This might sound like a “no, duh” type statement, but a larger pack takes longer to charge – ruining one of the best parts of a good PHEV, the ability to recharge in a reasonable amount of time with no specialized equipment.

Image for article titled You Don't Need A Massive Battery, Or Fast Charging To Give Up Gas

Photo: Kevin Williams/Jalopnik

Toyota says 11 hours to recharge the battery from flat to full, but in my experience, the Prius took about 9 and a half hours to recharge from flat to full on a standard NEMA 5-15 120V plug, set at the maximum of 12 amps. That’s roughly 1.3 kilowatts added to the battery, per hour. That means the Prius Prime can recharge its battery from empty to full, overnight, from a standard 120V outlet. In the era of PHEVs that can DC fast charge, that nine-hour number sounds long and unimpressive, but let’s reframe the conversation here.

Nine hours is less time than most people spend at home between commutes. The larger battery EV and PHEV competitors would need more time to charge, or they’ll need expensive level 2 or DC fast charging services to match the Prius’s utility. The Prius’s 39-mile range could potentially be available for use, every single day, without any special equipment. Theoretically, the Prius Prime could do a staggering 273 miles of full-electric on standard home charging alone if the driver hits 39 miles every day. That’s above the 259 miles that Americans currently average per week. Over five years, a Prius Prime owner could potentially drive more than 70,000 miles, on full electric power alone just charging at night from a standard charger. And, unlike a limited-range EV, the Prius can be driven like a normal gas-saving hybrid during instances where the owner runs out of battery.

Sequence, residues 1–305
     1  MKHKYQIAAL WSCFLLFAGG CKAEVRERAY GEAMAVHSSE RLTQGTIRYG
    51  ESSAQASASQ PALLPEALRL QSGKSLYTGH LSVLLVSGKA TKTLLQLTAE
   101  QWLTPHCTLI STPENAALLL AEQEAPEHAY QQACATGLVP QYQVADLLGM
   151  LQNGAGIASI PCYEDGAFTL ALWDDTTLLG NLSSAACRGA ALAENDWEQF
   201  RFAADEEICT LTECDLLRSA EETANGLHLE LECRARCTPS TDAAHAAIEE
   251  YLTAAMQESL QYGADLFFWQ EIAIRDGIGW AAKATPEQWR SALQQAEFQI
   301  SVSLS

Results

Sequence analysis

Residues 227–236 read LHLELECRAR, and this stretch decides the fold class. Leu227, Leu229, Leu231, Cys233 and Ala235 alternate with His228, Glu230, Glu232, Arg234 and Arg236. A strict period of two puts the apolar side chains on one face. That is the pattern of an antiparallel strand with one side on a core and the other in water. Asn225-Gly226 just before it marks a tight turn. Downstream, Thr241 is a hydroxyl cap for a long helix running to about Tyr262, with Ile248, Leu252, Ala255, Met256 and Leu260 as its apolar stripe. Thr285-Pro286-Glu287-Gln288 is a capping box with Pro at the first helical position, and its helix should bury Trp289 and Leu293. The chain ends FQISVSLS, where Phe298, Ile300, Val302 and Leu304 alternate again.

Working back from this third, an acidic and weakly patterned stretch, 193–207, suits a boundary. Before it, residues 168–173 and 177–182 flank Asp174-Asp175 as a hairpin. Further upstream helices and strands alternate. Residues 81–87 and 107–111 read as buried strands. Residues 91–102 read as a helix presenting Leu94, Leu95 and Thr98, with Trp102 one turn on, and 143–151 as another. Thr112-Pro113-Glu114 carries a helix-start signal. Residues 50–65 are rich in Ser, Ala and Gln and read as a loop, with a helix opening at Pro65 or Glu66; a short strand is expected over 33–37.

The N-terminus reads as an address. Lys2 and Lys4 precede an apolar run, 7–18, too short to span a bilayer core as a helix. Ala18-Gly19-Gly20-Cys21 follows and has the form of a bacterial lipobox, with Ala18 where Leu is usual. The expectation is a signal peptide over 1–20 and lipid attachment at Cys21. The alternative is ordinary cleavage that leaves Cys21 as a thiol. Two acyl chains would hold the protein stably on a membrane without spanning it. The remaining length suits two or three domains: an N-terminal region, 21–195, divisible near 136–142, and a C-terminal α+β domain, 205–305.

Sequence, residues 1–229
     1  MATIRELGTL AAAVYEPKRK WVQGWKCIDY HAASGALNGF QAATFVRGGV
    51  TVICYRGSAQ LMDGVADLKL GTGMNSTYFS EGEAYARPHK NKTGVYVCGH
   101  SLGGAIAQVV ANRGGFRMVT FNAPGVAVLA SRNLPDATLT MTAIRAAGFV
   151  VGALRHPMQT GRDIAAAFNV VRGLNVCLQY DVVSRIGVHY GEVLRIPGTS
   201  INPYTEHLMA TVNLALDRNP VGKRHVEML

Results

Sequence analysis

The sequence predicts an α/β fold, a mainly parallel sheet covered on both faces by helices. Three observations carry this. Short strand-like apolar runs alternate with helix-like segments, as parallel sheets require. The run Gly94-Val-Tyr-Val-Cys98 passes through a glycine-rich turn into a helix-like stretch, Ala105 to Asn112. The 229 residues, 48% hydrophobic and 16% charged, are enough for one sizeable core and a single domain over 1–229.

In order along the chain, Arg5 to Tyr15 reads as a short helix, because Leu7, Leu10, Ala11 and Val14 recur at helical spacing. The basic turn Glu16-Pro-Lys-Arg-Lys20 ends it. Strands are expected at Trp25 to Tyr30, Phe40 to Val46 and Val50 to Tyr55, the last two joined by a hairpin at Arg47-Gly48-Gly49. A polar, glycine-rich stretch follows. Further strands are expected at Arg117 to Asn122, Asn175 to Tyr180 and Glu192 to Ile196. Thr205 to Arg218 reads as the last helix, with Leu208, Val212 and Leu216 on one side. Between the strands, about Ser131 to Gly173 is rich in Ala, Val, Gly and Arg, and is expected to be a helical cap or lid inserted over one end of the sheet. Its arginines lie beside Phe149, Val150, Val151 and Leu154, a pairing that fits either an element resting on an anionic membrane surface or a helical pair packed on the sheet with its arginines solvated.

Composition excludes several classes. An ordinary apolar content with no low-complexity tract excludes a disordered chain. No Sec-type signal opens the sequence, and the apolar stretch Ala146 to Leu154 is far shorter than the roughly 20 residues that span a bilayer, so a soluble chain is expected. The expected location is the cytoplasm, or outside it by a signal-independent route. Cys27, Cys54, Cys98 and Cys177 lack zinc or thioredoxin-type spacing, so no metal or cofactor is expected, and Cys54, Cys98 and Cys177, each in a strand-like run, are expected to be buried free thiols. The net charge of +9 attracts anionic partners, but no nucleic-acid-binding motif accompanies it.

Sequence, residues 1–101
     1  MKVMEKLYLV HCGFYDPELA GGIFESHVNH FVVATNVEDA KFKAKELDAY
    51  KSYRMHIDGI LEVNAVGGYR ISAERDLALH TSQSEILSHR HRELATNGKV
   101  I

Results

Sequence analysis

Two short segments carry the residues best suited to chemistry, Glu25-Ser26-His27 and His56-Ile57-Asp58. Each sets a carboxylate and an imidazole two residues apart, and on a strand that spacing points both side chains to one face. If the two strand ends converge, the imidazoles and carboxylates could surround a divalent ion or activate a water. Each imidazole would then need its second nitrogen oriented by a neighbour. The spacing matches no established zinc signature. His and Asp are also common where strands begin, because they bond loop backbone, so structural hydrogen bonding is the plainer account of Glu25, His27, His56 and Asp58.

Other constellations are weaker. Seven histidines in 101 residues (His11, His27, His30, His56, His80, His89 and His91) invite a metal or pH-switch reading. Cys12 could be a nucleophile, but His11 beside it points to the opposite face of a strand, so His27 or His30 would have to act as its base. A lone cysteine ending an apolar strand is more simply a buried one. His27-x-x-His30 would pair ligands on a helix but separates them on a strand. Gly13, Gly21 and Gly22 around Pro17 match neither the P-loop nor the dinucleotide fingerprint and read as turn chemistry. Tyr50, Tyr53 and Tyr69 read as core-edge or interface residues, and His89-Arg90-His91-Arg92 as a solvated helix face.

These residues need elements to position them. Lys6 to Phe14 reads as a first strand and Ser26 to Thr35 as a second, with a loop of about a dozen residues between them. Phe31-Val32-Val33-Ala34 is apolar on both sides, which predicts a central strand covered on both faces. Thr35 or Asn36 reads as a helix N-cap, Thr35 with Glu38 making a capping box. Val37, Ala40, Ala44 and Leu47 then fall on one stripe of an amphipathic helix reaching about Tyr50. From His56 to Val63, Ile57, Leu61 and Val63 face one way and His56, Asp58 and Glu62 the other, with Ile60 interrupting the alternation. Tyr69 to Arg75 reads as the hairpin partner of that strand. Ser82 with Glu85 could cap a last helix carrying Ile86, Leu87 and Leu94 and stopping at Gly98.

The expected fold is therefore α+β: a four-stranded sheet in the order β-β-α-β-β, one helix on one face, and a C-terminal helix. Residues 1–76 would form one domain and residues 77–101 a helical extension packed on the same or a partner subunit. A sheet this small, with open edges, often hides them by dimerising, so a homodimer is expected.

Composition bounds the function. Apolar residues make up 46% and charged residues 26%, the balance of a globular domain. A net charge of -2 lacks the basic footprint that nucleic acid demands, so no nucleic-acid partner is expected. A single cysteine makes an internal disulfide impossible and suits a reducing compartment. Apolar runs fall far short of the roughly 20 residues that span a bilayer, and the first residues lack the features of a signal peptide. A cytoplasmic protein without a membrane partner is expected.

For my week with the Prius, I drove 573 miles, including shopping, gym trips, and the long trip to a curvy road for some auto journalist testing shenanigans. I used 5.9 gallons of gas, averaging 100.5 MPG. That is impressive.

If I had eschewed the one-off weekend trip, I probably wouldn’t have used any gasoline at all that week. True, not every car can be the Prius Prime. I suspect I would’ve had a harder time driving mostly on electric power with the RAV4 Prime, given the fact that its bigger battery and lower efficiency means that opportunistic charging and 110V home charging won’t do as much.

The more experience I get with EV, PHEV, and hybrid cars, the more I realize that it really isn’t all that hard to just stop using gasoline, as long as you just plug in the damn car whenever you can. Keeping the Prius Prime charged was as easy as loading my dishwasher before bed, or plugging my iPhone into its charger. For my week with the car, using gas was optional. Given the state of our charging infrastructure, it’s nice to have options.